Interactions of solutes and streambed sediment: 1. An experimental analysis of cation and anion transport in a mountain stream
Article first published online: 9 JUL 2010
This paper is not subject to u.s. copyright. Published in 1984 by the American Geophysical Union.
Water Resources Research
Volume 20, Issue 12, pages 1797–1803, December 1984
How to Cite
1984), Interactions of solutes and streambed sediment: 1. An experimental analysis of cation and anion transport in a mountain stream, Water Resour. Res., 20(12), 1797–1803, doi:10.1029/WR020i012p01797., , , , and (
- Issue published online: 9 JUL 2010
- Article first published online: 9 JUL 2010
- Manuscript Accepted: 7 SEP 1984
- Manuscript Received: 24 FEB 1984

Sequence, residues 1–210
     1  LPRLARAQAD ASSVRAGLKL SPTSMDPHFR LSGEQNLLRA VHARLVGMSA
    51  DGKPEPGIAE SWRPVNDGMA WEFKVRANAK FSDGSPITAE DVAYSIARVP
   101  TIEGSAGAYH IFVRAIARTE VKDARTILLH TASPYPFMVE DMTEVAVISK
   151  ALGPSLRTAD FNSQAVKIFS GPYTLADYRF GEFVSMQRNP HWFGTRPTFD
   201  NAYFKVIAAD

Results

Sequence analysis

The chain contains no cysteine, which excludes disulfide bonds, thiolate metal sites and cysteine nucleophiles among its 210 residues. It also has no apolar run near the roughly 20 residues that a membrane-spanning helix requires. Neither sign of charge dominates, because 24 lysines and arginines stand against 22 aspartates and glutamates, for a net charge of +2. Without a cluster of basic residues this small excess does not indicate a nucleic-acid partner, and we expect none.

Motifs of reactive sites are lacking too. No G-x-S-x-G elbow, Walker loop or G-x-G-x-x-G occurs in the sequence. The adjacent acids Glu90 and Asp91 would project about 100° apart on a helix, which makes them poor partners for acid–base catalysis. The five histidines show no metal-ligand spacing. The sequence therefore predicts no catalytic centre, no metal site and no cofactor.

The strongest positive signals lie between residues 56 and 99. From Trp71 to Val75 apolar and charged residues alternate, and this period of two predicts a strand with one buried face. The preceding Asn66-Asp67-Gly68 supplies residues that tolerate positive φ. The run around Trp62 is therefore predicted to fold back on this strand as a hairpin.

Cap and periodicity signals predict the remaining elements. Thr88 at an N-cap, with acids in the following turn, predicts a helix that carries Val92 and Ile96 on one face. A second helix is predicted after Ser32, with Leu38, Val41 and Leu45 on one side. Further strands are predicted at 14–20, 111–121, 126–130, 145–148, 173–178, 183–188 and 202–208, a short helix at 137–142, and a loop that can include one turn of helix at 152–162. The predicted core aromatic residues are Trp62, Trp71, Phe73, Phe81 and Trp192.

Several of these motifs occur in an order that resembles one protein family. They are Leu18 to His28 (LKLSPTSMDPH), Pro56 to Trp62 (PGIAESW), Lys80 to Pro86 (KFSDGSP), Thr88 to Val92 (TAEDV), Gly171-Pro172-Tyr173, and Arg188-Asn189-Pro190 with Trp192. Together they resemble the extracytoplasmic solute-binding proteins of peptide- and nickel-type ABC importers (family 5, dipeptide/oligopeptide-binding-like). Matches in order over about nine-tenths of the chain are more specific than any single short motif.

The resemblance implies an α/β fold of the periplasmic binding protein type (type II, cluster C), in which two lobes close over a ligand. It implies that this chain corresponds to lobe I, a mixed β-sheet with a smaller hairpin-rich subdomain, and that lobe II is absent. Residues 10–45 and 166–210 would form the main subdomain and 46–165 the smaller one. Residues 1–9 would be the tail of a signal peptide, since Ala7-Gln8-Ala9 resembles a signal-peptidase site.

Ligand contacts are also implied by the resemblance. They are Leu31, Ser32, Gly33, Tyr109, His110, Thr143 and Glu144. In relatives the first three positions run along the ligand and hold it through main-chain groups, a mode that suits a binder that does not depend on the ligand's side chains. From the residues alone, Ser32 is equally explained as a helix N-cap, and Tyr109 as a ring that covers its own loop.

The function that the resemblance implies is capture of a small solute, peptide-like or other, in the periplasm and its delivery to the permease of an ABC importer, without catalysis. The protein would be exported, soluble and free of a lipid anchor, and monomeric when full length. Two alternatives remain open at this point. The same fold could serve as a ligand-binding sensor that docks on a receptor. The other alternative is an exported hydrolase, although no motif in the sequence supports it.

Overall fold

An experimental injection was performed to study the transport of stream water solutes under conditions of significant interaction with streambed sediments in a mountain pool-and-riffle stream. Experiments were conducted in Little Lost Man Creek, Humboldt County, California, in a period of low flow duringwhich only a part of the bank-full channel held active surface flow. The injection of chloride and several trace cations lasted 20 days. In this report we discuss the results of the first 24 hours of the injection and survey the results of the first 10 days. Solute-streambed interactions of two types were observed. First, the physical transport of the conservative tracer, chloride, was affected by intergravel flow and stagnant watt, zones created by the bed relief. Second, the transport of the cations (strontium, potassium, and lithium) was appreciably modified by sorption onto streambed sediment. In the stream the readily observable consequence of the solute-streambed interactions was an attenuation of the dissolved concentration of each of the tracers. The attenuation in the stream channel occurred concurrently with the storage of tracers in the streambed via both physical and chemical processes. All tracers were subsequently present in shallow wells dug several meters from the wetted part of the channel. Sediment samples collected approximately 3 weeks after the start of the injection contained increased concentrations of the injected cations.